Biagi did note the mayor's support last June of the formation of CleanTECH San Diego, which Sanders suggested would “nurture and accelerate the growth of companies with environmentally friendly technologies and foster sustainable development and green enterprises.”
But a quick check of CleanTECH's website indicates little or no movement on that crusade since then. No news announcements, no event-calendar listings.
Not missing a political opportunity, Charles Gallagher, campaign manager for mayoral hopeful Steve Francis, chastised the city's missed chance to join other cities in their enthusiasm for Earth Hour.
“As mayor, Steve would promote Earth Hour and not ignore it like Mayor Sanders,” Gallagher said in an e-mail. “Steve wants to do more than sign agreements to protect our local environment. Steve believes that when it comes to our natural resources and energy, actions speak louder than words.”
So, it appears that, should either of these gentlemen be mayor next March, Earth Hour will get its due in San Diego in 2009.
This makes folks like Joe Vecchio and Tammy Bowser glad. Vecchio, who heads up eco-encouraging nonprofit Home International (Home, as in Heal Our Mother Earth), signed up as a local business participant for Earth Hour.
Vecchio, a Chicago native, has been drawn to the global-warming cause since seeing Al Gore's An Inconvenient Truth about a half-dozen times. His organization now helps set up screenings of various environmentally friendly films and co-sponsors UCSD's Earth Week Vidfest, in which students submit homemade films that raise environmental awareness.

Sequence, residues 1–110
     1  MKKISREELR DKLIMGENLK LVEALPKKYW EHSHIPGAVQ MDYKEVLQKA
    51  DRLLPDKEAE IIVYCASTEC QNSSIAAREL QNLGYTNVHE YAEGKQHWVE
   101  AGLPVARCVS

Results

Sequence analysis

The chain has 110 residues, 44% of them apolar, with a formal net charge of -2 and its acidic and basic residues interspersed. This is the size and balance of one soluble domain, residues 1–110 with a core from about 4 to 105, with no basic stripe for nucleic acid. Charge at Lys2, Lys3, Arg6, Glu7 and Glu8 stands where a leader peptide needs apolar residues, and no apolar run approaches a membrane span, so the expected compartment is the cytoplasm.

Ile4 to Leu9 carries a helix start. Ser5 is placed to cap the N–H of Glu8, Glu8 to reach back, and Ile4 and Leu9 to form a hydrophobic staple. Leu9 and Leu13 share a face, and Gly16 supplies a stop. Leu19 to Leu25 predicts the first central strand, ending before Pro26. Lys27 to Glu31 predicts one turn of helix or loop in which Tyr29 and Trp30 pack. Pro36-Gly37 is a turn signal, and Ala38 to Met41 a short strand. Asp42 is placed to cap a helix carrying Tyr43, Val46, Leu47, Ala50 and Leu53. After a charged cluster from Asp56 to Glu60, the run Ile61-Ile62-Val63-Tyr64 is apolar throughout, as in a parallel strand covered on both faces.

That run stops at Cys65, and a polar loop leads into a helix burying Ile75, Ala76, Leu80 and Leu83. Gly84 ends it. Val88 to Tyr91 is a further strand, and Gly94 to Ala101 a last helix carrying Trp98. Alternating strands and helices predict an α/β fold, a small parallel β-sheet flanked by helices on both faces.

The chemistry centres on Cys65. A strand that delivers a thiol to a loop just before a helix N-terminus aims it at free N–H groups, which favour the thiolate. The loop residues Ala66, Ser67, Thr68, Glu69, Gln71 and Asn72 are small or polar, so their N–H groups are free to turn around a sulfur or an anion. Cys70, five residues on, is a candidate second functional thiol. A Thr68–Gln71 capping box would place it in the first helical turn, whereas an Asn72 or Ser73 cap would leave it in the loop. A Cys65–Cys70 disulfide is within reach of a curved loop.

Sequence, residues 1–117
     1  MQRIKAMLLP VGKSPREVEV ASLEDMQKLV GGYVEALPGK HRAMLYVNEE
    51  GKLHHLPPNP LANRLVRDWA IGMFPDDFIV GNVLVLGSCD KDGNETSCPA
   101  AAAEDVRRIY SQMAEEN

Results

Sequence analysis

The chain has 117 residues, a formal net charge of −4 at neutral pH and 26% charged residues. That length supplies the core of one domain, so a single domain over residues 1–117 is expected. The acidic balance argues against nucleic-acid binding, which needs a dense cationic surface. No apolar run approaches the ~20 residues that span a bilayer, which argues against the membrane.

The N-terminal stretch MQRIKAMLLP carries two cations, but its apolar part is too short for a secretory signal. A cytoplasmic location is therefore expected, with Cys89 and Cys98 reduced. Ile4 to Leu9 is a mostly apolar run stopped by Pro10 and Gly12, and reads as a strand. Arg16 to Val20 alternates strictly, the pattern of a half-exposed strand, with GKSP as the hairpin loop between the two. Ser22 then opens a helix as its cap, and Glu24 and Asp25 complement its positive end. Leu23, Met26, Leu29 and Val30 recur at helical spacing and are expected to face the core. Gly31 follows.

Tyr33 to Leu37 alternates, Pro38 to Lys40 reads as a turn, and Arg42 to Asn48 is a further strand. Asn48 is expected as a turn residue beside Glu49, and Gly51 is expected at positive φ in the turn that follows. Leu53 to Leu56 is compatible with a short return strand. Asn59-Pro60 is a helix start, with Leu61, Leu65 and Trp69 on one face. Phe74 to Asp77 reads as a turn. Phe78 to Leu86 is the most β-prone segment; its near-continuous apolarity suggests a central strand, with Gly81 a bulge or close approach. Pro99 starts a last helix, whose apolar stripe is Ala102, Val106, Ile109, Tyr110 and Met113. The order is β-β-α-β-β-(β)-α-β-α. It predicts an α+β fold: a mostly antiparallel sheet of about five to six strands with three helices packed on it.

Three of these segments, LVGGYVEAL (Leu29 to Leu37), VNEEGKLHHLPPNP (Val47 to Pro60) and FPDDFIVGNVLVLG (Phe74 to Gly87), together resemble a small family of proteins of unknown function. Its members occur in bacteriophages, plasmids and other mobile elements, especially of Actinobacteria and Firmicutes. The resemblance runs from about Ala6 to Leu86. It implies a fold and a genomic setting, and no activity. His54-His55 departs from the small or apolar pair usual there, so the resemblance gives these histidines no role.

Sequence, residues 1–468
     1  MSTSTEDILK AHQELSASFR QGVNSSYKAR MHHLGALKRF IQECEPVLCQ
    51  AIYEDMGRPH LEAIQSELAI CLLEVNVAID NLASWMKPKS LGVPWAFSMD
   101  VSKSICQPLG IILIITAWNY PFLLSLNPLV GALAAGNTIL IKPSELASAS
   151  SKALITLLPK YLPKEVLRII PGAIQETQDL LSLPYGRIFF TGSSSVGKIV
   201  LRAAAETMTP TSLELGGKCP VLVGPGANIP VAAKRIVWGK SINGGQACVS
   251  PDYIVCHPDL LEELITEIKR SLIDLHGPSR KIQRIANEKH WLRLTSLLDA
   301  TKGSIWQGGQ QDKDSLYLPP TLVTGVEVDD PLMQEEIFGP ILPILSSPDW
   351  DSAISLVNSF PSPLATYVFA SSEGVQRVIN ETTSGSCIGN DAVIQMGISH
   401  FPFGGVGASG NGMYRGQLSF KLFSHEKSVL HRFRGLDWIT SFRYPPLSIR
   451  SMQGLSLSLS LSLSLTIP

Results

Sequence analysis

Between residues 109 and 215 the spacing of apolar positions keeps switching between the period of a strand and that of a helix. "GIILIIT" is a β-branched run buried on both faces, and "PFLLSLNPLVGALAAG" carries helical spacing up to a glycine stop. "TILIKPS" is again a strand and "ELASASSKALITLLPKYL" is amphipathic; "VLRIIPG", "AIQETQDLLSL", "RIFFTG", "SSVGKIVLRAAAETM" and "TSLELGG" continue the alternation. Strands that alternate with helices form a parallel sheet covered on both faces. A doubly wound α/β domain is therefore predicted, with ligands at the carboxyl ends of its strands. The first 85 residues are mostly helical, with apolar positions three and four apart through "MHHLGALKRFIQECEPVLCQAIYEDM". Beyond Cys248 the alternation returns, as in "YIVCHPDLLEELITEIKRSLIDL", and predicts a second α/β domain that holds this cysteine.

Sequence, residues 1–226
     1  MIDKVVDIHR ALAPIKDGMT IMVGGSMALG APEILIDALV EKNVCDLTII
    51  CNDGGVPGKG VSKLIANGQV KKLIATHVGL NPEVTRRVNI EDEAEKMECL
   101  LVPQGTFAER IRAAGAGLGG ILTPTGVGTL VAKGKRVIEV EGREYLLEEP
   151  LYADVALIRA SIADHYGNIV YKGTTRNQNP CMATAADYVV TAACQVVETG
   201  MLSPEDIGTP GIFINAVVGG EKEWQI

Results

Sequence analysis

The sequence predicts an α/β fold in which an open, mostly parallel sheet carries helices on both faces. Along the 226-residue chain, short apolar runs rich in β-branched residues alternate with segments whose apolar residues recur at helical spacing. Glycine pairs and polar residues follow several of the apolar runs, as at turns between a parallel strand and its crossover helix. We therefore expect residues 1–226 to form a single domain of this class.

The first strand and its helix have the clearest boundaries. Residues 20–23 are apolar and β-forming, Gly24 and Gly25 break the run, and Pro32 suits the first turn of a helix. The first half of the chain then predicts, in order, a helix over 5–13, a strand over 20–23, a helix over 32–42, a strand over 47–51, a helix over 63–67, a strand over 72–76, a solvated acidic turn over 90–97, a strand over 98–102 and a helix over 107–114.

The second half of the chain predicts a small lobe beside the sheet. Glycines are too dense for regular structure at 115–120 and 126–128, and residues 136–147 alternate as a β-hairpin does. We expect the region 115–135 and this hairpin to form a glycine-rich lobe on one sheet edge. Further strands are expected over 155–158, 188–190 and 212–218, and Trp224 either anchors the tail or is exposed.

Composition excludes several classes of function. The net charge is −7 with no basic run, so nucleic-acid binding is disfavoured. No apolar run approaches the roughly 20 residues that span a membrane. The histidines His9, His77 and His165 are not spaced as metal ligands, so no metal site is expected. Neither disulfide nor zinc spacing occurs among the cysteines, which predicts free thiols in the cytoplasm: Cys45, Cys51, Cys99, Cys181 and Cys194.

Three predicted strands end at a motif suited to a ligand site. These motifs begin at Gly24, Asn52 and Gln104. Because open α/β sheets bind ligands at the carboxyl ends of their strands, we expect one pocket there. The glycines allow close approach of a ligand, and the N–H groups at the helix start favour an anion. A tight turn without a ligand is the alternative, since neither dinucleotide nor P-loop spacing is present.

He's already preparing a list of San Diego landmarks that should be dimmed for next year's Earth Hour—from the SeaWorld tower to the Coronado Bridge and various skyscrapers Downtown. Vecchio wasn't so ticked at Sanders as he was at the local media.
“It used to be, ‘It's the economy, stupid,'” he said. “Now, ‘It's the media, stupid,' because the mainstream media wants to keep us stupid and in debt.” He said he went to a comedy club after the Earth Hour event, where a comic asked the audience how they celebrated Earth Hour.
“The audience didn't respond. They were like an oil painting,” Vecchio recalled.
Bowser, of Vista, meanwhile, did what she could to promote Earth Hour. Bowser, who waters indoor office plants for a living, mentioned Earth Hour at every office she visited leading up to the day. At the appointed hour, she found herself in a mom-and-pop coffee shop with the lights blaring. She asked an employee if the lights could be turned off, but “nothing happened.” She then enlisted eight other customers to make the request, but they were told “all the lights were connected” and couldn't be dimmed.
“My heart was in the right place,” Bowser said.
Indeed. And that's why people should be encouraged, not discouraged, said Dan Forman, a spokesman for the World Wildlife Fund, which sponsored Earth Hour.
Forman said he thinks participation did not depend on political ideology. After all, Phoenix is a pretty conservative town, and its mayor did the honors in dimming City Hall there, he said.
“I'm not going to slight San Diego,” Forman said. “Hopefully, your city will participate next year. We knew Earth Hour wasn't going to solve global warming. But long-term, maybe it changes the way people think about the energy they use.”